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The Autumns
Fake Noise From A Box Of Toys
Bella Union Records
www.theautumns.com


There are few bands that began their lives during the heyday of the shoegaze phenomenon that are still in existence after these nearly two decades. California's The Autumns have weathered the storm mightily, at once keeping true to their original purpose while adapting slightly in order to stay relevant in today's music environment. The elaborately chiming guitars of previous albums are extant, as are the walls of sound and the steadfast pounding of the drums. The songs are varied in length on this new record much more than in the past; intros notwithstanding, there are tracks just over two minutes in length to just under five. The varying lengths of songs goes a long way toward keeping the album sounding fresh, never allowing the ear to become complacent in its listening. Tracks like "Boys" reflect where the band is headed, with brash bass lines and rock guitars building a rhythmic mesh of sound that inevitably leads to a cascade of noise as the song builds to its somewhat discordant crescendo. The track is loosely tight, leaving plenty of space for the sounds to play around each other and accent the space that the vocals inhabit. Other places the sound is older and ultra-thick, as on the lengthy "Killer In Drag", one of the most dynamic songs on the album, that weaves its way behind dense layers of guitar and sparse verses that jangle along to the rolling drums and accenting bass. The breakdowns in this track really highlight the musical capabilities of the band, showcasing at different times the sheer technical abilities of the drummer, bass player and guitarists as they trade off taking their turn filling the aural 'scape. But nowhere is the soul of this band in such stark evidence as on the softly floating gothic-tinged "Night Music," with its softly arpeggiated guitars and shuffling drums that sit nicely in peace until the thick leads move the song up a notch in tension. Toy pianos, vibes, and chimes play their parts nicely as on past records, but are even better placed in the dynamism of the tracks, creating an essential tension. This is where The Autumns shine more brightly than their peers; the band creates an intrinsic and easy tension in their music that is never really released, but seems rather to be placated into some semblance of relaxing. Where other bands give the release to the tension that they've built, The Autumns always leaving you craving just a little more, hoping beyond hope that there is the kind of happy ending that we've been programmed to expect. But the soul of the music is much more real than that, and leaves the listener feeling life justice has been served but no happiness was truly gained. This is real life. This is The Autumns.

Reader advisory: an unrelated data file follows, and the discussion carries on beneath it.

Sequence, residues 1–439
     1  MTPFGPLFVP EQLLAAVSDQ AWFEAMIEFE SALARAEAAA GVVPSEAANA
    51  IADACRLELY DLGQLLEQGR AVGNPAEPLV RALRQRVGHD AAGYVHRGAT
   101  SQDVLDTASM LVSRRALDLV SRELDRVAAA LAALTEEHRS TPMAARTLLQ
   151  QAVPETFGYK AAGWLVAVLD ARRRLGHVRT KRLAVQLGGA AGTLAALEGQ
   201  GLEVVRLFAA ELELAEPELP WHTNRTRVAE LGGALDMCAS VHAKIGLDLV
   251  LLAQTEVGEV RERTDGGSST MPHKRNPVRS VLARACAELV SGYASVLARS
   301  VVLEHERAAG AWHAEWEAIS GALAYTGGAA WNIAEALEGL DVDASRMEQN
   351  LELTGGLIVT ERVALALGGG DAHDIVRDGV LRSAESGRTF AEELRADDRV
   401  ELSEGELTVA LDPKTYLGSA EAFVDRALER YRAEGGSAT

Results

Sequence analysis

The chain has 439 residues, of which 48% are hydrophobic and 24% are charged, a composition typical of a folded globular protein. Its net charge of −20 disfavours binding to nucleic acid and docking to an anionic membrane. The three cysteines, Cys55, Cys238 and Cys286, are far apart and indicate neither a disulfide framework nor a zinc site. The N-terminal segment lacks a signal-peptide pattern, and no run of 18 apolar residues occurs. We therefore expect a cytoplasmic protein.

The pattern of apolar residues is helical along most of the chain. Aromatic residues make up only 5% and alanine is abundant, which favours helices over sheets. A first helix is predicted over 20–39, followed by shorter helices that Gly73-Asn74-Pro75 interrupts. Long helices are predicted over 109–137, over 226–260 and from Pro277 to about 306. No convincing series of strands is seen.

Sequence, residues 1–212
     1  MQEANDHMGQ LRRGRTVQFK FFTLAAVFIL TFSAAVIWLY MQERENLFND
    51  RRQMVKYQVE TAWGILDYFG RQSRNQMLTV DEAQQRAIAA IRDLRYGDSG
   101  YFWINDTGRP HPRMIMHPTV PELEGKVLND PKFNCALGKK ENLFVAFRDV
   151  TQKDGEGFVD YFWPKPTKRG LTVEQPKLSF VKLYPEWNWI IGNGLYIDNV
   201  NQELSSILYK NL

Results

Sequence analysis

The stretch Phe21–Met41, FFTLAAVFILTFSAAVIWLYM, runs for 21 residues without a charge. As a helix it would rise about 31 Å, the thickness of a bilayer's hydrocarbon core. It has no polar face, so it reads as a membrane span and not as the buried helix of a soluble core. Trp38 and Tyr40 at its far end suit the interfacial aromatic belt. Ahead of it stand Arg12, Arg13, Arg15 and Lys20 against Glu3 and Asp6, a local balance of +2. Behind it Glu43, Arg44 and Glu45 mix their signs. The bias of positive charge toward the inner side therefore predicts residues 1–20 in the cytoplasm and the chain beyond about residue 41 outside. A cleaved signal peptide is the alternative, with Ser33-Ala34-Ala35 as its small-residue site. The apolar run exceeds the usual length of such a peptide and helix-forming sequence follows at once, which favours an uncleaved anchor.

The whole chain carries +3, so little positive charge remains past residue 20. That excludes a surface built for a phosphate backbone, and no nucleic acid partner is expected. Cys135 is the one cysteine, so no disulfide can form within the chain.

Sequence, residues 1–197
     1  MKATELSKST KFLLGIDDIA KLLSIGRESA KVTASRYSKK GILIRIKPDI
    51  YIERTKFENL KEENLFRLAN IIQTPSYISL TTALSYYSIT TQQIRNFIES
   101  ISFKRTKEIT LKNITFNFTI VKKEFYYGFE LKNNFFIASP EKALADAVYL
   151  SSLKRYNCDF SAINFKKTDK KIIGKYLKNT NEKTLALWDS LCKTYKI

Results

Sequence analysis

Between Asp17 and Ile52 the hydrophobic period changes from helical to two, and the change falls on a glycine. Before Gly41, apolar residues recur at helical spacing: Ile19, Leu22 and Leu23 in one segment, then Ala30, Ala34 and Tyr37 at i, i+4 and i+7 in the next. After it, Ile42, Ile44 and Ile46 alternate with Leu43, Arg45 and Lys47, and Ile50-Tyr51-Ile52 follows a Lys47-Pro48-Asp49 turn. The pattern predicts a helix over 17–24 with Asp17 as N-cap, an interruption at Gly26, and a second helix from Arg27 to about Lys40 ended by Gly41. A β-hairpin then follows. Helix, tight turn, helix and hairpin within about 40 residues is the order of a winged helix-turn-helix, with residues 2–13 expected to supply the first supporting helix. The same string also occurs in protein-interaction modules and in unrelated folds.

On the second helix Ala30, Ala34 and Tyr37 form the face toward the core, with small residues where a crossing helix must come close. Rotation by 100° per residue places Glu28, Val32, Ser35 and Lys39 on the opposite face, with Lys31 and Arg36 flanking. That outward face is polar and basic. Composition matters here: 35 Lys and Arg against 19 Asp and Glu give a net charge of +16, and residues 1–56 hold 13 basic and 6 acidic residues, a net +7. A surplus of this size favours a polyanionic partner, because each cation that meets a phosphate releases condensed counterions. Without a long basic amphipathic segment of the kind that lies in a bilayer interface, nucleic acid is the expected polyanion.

-Embo Blake

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